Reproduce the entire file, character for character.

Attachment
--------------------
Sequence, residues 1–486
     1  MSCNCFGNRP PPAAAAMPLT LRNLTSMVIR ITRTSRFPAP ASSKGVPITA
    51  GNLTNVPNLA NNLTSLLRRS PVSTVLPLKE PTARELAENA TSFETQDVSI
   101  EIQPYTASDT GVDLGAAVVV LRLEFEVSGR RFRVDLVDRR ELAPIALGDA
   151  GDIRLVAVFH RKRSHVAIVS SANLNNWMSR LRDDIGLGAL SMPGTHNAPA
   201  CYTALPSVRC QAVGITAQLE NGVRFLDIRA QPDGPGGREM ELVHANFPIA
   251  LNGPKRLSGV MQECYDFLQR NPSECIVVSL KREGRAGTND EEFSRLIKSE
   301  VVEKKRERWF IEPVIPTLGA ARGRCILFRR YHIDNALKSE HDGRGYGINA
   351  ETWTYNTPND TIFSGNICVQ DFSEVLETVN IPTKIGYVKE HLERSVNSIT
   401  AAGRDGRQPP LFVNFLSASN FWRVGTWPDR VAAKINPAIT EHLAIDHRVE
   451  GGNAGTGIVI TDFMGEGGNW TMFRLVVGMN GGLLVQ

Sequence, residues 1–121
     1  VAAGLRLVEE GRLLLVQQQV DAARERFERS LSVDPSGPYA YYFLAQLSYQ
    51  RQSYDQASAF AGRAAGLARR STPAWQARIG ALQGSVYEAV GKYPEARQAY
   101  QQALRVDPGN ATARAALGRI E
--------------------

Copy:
Sequence, residues 1–486
     1  MSCNCFGNRP PPAAAAMPLT LRNLTSMVIR ITRTSRFPAP ASSKGVPITA
    51  GNLTNVPNLA NNLTSLLRRS PVSTVLPLKE PTARELAENA TSFETQDVSI
   101  EIQPYTASDT GVDLGAAVVV LRLEFEVSGR RFRVDLVDRR ELAPIALGDA
   151  GDIRLVAVFH RKRSHVAIVS SANLNNWMSR LRDDIGLGAL SMPGTHNAPA
   201  CYTALPSVRC QAVGITAQLE NGVRFLDIRA QPDGPGGREM ELVHANFPIA
   251  LNGPKRLSGV MQECYDFLQR NPSECIVVSL KREGRAGTND EEFSRLIKSE
   301  VVEKKRERWF IEPVIPTLGA ARGRCILFRR YHIDNALKSE HDGRGYGINA
   351  ETWTYNTPND TIFSGNICVQ DFSEVLETVN IPTKIGYVKE HLERSVNSIT
   401  AAGRDGRQPP LFVNFLSASN FWRVGTWPDR VAAKINPAIT EHLAIDHRVE
   451  GGNAGTGIVI TDFMGEGGNW TMFRLVVGMN GGLLVQ

Sequence, residues 1–121
     1  VAAGLRLVEE GRLLLVQQQV DAARERFERS LSVDPSGPYA YYFLAQLSYQ
    51  RQSYDQASAF AGRAAGLARR STPAWQARIG ALQGSVYEAV GKYPEARQAY
   101  QQALRVDPGN ATARAALGRI E